The Heath Fritillary is one of Britain’s most threatened butterfly species, having undergone population declines of 73% between 1984 and 2004. The Blean Woodland complex in Kent is now a major stronghold for the species and contains approximately 60% of all UK colonies.
In the Blean Woodlands the Heath Fritillary uses sunny clearings such as; coppice coupes or recently clear-felled woodland where its larval foodplant, Common Cow-wheat Melampyrum pratense, is abundant in sparse vegetation; these clearings should be connected by wide, sunny rides. The butterfly was locally known as ‘Woodman’s Follower’ as it followed the traditional coppice cycle.
The Heath Fritillary occupies areas which remain suitable only for short periods of time, it reaches maximum population size in the first two or three years after management then populations decline as conditions become too shady. Without regular management Heath Fritillary colonies can be lost, there was a rapid loss of colonies in the early 1990s (with just 14 colonies and 19 ha occupied in 1989).
Butterfly Conservation has been monitoring all known Heath Fritillary sites in the Blean Woodlands since 1980 and since 2002 has co-ordinated all the survey results, mapping management areas and the occupied habitats. All management work in the Blean is under-taken by the woodland owners, principally the RSPB, Forestry Commission and Kent Wildlife Trust.
The aim of the project was to recover Heath Fritillary numbers to 1980 levels (25 colonies), with a target of achieving 30 ha of suitable occupied habitat each year. To maintain populations in such a dynamic landscape suitable clearings must be created (and colonised) at the same rate at which colonies are being lost.
- Monitoring data was used to target management close to existing colonies.
- Management included the creation of clearings such as coppice coupes (greater than 0.2 ha) and clear-fell areas.
- The clearings should be connected by wide, sunny rides; these rides can be managed by wide ride cutting, ride-widening/creating scallops and managing way-leaves.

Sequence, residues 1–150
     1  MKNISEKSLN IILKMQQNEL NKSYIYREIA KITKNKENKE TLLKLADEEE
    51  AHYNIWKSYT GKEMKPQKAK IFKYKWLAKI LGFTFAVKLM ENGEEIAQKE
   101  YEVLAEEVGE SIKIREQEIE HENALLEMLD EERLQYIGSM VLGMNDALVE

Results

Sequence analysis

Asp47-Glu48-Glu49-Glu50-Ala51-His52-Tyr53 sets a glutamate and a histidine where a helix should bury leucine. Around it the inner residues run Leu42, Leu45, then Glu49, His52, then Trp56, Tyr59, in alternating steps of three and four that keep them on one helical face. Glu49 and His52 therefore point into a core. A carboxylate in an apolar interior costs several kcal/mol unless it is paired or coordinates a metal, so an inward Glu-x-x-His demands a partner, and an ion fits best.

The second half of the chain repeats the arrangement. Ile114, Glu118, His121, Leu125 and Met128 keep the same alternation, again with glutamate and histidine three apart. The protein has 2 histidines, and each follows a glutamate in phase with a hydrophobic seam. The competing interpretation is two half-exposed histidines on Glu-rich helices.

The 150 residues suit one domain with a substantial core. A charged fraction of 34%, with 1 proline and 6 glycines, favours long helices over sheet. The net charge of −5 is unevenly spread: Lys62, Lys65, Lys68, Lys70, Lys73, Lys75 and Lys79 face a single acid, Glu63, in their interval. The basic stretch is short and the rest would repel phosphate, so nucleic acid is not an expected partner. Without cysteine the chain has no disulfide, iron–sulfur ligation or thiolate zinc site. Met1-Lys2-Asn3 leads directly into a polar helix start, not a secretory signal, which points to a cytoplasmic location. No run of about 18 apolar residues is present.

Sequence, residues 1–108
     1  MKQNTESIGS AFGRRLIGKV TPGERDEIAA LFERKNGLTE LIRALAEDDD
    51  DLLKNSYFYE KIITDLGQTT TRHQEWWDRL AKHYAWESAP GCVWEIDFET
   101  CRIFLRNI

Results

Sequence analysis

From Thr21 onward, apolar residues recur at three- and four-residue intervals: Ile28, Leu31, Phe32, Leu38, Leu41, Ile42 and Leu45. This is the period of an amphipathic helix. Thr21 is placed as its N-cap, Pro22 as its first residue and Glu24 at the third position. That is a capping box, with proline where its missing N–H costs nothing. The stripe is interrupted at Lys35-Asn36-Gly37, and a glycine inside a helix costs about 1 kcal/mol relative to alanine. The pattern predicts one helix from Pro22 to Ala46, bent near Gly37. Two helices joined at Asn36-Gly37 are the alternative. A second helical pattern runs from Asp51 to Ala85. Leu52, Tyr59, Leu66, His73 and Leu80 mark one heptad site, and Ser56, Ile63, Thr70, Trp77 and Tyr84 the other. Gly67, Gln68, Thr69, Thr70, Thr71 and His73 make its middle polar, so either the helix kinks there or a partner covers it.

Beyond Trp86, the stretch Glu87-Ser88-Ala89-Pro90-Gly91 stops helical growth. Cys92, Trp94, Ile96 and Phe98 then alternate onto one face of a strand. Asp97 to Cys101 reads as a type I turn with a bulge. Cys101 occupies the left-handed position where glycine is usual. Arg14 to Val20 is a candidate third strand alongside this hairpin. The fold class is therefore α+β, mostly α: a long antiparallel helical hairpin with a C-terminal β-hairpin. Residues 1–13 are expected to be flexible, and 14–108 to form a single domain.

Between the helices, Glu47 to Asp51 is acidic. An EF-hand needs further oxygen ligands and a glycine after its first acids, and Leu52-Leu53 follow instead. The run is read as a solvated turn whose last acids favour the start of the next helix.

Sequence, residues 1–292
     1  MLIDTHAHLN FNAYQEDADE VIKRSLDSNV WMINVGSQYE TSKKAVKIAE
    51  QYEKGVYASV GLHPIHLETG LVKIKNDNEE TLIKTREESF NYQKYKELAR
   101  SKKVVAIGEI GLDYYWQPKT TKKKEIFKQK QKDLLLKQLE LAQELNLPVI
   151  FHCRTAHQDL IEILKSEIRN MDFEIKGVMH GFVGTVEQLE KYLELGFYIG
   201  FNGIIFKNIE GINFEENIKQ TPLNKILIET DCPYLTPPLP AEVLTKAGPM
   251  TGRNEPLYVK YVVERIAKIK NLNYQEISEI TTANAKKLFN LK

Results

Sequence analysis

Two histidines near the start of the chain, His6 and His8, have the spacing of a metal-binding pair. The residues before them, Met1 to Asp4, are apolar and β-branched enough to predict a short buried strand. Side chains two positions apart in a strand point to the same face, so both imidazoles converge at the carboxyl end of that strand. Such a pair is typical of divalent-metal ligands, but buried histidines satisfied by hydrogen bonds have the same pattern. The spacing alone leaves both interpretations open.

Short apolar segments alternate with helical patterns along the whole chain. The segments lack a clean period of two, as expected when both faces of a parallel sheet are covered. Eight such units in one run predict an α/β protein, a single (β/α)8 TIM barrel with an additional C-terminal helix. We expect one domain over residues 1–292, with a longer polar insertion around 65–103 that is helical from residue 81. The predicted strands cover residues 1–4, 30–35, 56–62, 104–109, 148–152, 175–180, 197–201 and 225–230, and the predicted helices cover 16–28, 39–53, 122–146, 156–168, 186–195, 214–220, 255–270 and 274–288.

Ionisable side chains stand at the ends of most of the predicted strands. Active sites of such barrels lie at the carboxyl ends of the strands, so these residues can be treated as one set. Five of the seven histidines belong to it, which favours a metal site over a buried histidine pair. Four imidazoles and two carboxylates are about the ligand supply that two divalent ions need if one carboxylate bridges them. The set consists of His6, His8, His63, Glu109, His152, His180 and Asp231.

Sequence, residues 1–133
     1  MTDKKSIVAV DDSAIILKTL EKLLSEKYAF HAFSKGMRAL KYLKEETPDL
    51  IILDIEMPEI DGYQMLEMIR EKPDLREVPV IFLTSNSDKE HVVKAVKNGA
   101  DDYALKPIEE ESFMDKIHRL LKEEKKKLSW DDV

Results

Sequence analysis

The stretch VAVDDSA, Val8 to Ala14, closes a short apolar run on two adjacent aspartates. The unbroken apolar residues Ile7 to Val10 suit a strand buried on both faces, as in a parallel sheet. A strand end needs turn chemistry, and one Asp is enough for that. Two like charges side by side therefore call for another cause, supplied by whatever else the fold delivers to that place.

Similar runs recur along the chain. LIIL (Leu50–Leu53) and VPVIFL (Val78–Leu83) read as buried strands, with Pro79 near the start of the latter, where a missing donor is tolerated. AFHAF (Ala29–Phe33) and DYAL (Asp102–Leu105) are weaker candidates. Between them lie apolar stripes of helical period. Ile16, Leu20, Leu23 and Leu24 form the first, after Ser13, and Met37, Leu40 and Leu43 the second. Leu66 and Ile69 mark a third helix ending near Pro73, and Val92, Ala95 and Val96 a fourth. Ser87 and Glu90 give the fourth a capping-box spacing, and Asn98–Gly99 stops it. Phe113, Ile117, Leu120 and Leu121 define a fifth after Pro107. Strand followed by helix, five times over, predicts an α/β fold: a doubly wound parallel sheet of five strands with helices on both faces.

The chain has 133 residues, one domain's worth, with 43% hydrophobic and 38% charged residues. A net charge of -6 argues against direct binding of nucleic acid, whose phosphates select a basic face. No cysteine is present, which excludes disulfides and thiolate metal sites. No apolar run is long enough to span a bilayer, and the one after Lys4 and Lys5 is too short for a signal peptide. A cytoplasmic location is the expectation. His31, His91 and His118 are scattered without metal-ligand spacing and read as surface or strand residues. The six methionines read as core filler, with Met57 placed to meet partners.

- Using timed-counts and habitat suitability assessments continue to monitor occupied sites, sites of new management and unoccupied management blocks from the past two years. Monitoring will assess the success of management and continue targeting future management.
For more detailed information about this project and others across the UK please read the full report: Landscape-scale Conservation For Butterflies And Moths: Lessons From The UK.
- 136.7 ha of management was conducted by woodland owners between 2008-2011, including clear-felling, ride management and coppicing.
- Area occupied in 2011 was nearly back up to 1980 levels, with 28 ha occupied.
- The total number of colonies in 2011 (23 colonies) was similar to 1980 levels (25 colonies), with fewer fragmented small colonies and an increased number of colonies occupying a larger area.
- In Thornden Woods (within the Blean woodlands) there was a change in the occupancy of cut coppice from 18% in the early 1990s (without targeting) to 75% by the late 1990s (by targeting with monitoring data).
Following a rapid loss of colonies from the Blean Woodlands in the 1990s numbers have now recovered to pre-1980 levels, this is largely due to the targeted management as a result of continued monitoring. The project demonstrates the importance that monitoring data plays in successfully targeting management for a highly dynamic species. The monitoring data also keeps managers and landowners informed and focused on priorities. The cost of adding this species element to the conservation of the woodlands is only about 3% of the overall budget and it adds huge value to the overall conservation effort.